Climbing the bank of the velodrome.
By the last lap, I was in my smallest gear going up this thing.

My biggest problem was tire pressure in my front tubular.  The second problem was the dramatically unequal braking.  I figured my front tire would have held its pressure overnight, but it was really low.  Scary low.  Every time I hit pavement or if I tried to stand up and pedal, it would squirm and roll over and threaten to throw me off the bike.  Given that we were transitioning onto pavement 6 times per lap, this became quite a handicap.  The braking was just an annoyance, comparatively.  The Neuvation rims are considerably narrower than my Roval clincher rims, so my left hand was squeezing the lever practically to the bars while my right hand barely had to squeeze.

Settling in.

Again in a mixed 2/3/4 field, I quickly settled into a group of 4 that was swapping positions constantly during the race.  After the barriers I would pull ahead and stay there through the S-turns.  Once we hit the straightaway gravel path, one or two guys would pass me.  One more might pull ahead in the parking lot, but I would pass them all again after the second set of barriers.  Eventually it got down to just two of us, with me leading into the penultimate lap.  He really laid it down through the parking lot and I didn’t really respond, figuring I would just catch up to him at the barriers again.  I did.  But after the S-turns he attacked again and I didn’t have the legs to respond.  I rode the last half of the lap alone and nearly got pipped at the line by one of the guys we had dropped.  He had been so far behind during that last lap I hadn’t been thinking about him much.  As I approached the finish line, I looked back and saw him charging.  I grabbed a couple extra gears, put in a good sprint and kept my position.  18/25 on that day on a tough course with a squirmy tire.  Not what I was hoping for, but good enough.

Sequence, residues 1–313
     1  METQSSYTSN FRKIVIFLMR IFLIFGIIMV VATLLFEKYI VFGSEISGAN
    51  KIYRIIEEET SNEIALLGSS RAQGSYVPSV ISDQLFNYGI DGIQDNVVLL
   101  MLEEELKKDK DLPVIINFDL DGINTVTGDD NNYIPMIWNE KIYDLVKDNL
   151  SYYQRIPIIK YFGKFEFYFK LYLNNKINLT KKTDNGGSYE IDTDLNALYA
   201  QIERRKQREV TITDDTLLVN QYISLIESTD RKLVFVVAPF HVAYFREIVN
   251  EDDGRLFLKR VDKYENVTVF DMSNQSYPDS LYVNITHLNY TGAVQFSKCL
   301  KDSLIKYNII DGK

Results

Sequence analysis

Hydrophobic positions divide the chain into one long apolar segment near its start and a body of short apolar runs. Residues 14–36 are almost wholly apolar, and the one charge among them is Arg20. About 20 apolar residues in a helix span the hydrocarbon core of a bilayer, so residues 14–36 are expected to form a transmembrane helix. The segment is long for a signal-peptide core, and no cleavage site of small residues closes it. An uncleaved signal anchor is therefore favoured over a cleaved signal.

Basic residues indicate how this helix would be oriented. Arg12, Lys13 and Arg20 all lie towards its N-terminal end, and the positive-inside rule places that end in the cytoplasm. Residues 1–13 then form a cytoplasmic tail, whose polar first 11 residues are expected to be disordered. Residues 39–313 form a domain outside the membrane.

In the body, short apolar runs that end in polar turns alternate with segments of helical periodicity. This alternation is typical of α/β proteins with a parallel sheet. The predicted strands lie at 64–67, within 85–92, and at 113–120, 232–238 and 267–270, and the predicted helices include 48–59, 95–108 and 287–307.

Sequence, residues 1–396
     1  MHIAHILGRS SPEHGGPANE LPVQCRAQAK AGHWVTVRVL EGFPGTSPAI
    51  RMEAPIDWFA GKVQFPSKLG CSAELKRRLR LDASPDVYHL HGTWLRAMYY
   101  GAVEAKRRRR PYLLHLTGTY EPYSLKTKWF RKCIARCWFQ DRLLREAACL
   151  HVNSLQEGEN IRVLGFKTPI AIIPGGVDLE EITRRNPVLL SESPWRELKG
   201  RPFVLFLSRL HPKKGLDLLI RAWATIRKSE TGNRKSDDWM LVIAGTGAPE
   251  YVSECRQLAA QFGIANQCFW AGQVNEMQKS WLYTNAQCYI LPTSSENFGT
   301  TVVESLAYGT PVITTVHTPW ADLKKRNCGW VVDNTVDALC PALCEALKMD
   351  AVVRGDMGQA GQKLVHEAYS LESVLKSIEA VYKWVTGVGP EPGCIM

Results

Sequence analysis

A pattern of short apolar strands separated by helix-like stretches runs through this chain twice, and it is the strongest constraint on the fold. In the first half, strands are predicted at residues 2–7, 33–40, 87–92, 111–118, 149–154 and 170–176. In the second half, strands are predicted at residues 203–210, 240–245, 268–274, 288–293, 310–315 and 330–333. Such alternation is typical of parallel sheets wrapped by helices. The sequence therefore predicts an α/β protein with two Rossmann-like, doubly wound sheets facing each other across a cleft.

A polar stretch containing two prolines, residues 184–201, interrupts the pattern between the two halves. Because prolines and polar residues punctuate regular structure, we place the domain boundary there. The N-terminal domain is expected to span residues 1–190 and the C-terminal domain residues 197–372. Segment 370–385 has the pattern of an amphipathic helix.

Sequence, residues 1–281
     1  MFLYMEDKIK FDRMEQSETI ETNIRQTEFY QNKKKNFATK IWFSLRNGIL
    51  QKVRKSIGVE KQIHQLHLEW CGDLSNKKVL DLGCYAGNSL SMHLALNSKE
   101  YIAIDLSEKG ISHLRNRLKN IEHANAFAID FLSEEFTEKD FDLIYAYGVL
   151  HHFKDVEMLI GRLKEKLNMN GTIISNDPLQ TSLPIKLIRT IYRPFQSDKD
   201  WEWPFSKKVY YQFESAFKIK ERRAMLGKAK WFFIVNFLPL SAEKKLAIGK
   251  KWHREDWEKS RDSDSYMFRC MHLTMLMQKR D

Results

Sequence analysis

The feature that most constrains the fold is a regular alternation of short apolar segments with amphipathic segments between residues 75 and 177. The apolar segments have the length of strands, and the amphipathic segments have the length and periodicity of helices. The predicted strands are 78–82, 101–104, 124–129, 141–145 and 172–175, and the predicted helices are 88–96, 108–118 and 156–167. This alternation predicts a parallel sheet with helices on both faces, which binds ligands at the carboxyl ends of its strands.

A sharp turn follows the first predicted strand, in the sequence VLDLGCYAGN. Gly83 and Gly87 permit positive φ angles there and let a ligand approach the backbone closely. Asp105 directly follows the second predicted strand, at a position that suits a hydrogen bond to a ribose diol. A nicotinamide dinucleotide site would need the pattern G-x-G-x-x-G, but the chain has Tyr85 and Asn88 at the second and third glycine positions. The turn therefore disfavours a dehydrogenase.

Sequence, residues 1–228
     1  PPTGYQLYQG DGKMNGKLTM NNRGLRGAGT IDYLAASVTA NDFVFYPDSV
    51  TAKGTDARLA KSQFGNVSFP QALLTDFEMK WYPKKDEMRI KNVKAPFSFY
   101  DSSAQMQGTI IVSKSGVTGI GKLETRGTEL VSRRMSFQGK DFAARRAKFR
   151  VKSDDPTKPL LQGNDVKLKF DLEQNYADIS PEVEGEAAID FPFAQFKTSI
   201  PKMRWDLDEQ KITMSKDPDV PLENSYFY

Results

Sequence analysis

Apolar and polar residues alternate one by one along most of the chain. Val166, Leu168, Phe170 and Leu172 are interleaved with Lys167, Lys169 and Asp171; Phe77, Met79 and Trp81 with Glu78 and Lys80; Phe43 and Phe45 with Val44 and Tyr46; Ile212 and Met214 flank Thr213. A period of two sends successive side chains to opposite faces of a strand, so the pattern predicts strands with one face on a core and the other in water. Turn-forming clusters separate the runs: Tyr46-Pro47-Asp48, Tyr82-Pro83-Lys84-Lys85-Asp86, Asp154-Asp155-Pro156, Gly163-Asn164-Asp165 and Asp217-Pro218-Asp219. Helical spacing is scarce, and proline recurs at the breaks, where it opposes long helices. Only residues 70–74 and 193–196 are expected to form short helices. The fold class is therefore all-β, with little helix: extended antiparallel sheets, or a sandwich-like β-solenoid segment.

Just barely hanging on for 18th.

My favorite part of this race was the guy who eventually beat me saw me after the race and declared my Twin Six METAL skinsuit to be the coolest kit he’d even seen.  Oh yeah.

The "coolest kit ever" and the guy who spent all but the last lap staring at it.

Looking Forward

Now what?  I have a tubular rim lacking a tire (yet still covered in a lot of glue).  There’s about a month until CX Nationals.  Travel plans and work schedules are not going to make a lot of December friendly for training.  I don’t feel like I’m done  yet though.  I need to decide soon in any case.